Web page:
TGC Industries (TGE) mostly engages in the geophysical service business of conducting three-dimensional surveys for clients in the oil and gas business. TGC has its headquarters in Plano, Texas. The seismic data acquisition services are provided throughout the continental United States and Canada.
The company is now operating 15 seismic crews consisting of nine crews in the U.S. and six crews in Canada. Eagle Canada's (wholly owned subsidiary) seismic acquisition services are also used by the potash mining industry in Canada, and Eagle Canada has particular expertise through its heliportable capabilities. TGC's clients rely on seismic data to identify areas where subsurface conditions are favorable for the accumulation of existing hydrocarbons, to optimize the development and production of hydrocarbon reservoirs, to better delineate existing oil and natural gas fields, and to augment reservoir management techniques.
Acoustic energy is introduced into the ground by using vibration equipment or dynamite detonation, depending on the terrain surface and subsurface requirements. The reflected energy, or echoes, is received through geophones, converted into a digital signal at a multi-channel recording unit, and then transmitted to a central recording vehicle. Big volumes of seismic data are acquired this way, which when processed and interpreted, produce more precise images of the earth's subsurface. Customers then use the seismic data to generate 3-D geologic models that help reduce finding costs and improve recovery rates from existing wells.
TGC currently owns equipment for 16 land-based seismic data acquisition crews and 73 vibration vehicles. Each crew consists of approximately 40 to 80 technicians with associated vehicles, geophones, seismic recording system, energy sources, cables and other equipment.
The company growth can easily be seen in the number of crews it has:
- 2009: 6 crews
- 2010: 11 crews
- 2011: 12 crews
- 2012: 14 crews
- 2013 (year to date): 15 crews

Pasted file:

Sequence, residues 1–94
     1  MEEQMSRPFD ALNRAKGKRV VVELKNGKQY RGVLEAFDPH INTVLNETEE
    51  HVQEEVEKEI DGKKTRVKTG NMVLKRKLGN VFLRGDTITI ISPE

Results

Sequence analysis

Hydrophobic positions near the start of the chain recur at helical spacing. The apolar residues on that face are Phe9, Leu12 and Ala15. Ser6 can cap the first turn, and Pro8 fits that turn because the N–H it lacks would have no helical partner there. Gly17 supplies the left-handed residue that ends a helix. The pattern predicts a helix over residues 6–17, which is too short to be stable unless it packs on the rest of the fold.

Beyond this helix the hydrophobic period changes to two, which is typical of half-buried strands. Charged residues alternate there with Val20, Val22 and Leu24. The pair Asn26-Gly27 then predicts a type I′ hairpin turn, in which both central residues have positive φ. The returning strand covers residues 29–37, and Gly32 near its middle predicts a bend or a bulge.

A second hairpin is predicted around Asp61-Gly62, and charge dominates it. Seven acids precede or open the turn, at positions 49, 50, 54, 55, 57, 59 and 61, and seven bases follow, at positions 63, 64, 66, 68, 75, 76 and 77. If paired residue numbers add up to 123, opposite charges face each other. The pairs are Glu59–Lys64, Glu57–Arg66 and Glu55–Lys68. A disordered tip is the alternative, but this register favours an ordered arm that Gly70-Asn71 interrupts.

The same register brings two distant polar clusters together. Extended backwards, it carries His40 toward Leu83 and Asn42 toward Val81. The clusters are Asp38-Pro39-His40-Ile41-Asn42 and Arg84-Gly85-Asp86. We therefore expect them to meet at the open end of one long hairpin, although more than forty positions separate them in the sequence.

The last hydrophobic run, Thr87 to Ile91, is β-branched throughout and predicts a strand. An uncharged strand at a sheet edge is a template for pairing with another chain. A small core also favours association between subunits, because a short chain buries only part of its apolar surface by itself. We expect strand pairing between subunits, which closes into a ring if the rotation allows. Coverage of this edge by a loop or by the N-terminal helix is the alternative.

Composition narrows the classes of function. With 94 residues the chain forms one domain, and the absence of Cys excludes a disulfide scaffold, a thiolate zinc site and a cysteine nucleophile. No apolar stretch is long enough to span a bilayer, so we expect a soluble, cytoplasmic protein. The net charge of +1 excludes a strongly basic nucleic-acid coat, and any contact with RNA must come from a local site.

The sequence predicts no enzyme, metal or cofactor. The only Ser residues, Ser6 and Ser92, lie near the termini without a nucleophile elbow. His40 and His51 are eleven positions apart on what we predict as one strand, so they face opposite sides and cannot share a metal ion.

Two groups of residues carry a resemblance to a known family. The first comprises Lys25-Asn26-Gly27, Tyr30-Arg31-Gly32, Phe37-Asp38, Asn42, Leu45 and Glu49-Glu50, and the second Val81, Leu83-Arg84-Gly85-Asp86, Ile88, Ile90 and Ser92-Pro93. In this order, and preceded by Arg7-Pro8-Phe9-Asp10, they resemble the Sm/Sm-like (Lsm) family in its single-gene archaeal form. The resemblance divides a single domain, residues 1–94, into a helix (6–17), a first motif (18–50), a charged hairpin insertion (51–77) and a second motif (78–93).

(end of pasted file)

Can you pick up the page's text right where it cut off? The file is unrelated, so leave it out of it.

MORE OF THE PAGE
The company keeps itself updated with the latest seismic technology equipment. Capital expenditures in 2012 were $57.1 million, up from $30.7 million in 2011. Now that the company has bought all the new equipment it needed (while maintaining a healthy balance sheet), capital expenditures should drastically come down this year. This means that free cash flow numbers should go up from here significantly, or as stated in the latest annual report:
These major investments should continue to bring us the benefits of these new technologies and allow us to be in a cash building mode in 2013.
As of December 31, 2012, the backlog was approximately $81 million. This brings the company a nice safety cushion:
Due to our backlog, we would not expect the loss of any single customer to have a material adverse effect on our operations.
In other words, the company is thriving. Even if it loses a customer (which doesn't seem likely), do not expect income results to be affected.
Stock Price and Technical Considerations
The stock is volatile (beta = 2.0) and has undergone wild swings in the past, but the major trend has been to the upside since it was under $3 in 2010. It went on rally mode from mid November to mid March (four months) to make a 70% run. It is moving mostly in tune with its industry and the market (SPY). The current price has a 10% discount from the previous high in March as shown below. Between October and December 2012, an inverse head and shoulders formed and the stock was mostly bullish from that point. There seems to be good support at $8.00.
The main factors influencing demand for seismic data acquisition services in this industry (oil and gas equipment and services) are the levels of drilling activity by oil and natural gas companies and the sizes of such companies' exploration and development budgets, which, in turn, depend largely on current and anticipated future crude oil (OIL) price, natural gas price and depletion rates.